Section 2: Managing International Business
Oppel (as cited in Torres, 2009) argues that global business in the future will require leaders, and managers, to be like explorers, guiding their organizations through unfamiliar and turbulent environments. With markets, suppliers, competitors, technology and customers around the world constantly shifting, traditional leadership models no longer work. In their book titled, Global Explorers, Hal B. Gregerson, Allen J. Morrison & J. Stewart Black (as cited in Torres, 2009) argue that global leaders, and managers, will need to be proficient with languages and have knowledge of multiple cultures and experiences in other countries. “They must also have multidisciplinary perspectives, which are essential for problem solving in complex and changing environments. They must transcend the old ways of transactional relationships and seek more enduring, sustainable and transformational relationships. Leaders must empower their employees and seek to facilitate the employee’s development interests” (Oppel, as cited in Torres, 2009).
As the world becomes more economically global, leaders, and managers, must be more culturally diverse-oriented in avoiding ethnocentrism and self-reference criteria approaches and in understanding cross-cultural behaviors and motivations in mobilizing the support of all employees, regardless of geographical and cultural differences. This is a basic requirement for developing effective global organizations.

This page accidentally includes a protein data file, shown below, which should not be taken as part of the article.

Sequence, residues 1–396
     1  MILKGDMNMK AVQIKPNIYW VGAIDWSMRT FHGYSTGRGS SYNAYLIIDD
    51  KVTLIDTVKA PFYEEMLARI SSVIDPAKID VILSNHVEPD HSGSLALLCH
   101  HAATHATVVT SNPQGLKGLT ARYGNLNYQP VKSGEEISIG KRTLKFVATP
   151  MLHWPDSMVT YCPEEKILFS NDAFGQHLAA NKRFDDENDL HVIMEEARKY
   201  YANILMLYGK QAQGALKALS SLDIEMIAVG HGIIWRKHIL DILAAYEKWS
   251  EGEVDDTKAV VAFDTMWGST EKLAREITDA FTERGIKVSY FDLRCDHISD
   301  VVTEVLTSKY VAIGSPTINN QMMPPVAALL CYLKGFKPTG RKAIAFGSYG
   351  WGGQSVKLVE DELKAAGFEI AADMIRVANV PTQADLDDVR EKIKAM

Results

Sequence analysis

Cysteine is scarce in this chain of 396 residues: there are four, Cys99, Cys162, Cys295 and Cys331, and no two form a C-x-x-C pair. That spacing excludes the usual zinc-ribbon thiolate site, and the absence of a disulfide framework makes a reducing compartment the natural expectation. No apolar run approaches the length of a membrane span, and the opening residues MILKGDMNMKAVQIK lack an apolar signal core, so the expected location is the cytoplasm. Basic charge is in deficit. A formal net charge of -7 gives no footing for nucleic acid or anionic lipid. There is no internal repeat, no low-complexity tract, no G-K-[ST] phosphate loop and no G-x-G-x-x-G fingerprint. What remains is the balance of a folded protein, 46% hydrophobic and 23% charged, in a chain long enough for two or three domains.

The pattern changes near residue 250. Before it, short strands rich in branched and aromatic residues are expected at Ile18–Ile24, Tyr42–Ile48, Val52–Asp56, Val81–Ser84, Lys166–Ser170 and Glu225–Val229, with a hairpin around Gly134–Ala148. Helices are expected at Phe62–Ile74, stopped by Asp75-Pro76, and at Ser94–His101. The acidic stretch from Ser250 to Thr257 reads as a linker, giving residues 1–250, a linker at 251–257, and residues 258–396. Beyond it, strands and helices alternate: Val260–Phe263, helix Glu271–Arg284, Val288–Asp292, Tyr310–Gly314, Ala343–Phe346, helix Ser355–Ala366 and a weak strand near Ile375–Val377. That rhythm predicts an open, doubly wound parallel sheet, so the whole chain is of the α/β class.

To this end, Strategy is probably the most basic and the most advanced discipline in management. The basic purpose of strategy is to make a series of moves designed to achieve sustained competitive advantage, which consists of superior performance in comparison to competitors over extended periods of time. Therefore, the fundamental principles of international business strategy should be regularly reconsidered by managers at the highest levels and understood by individuals just starting their business careers.
Please refer to each Activity for required readings within Activity Resources.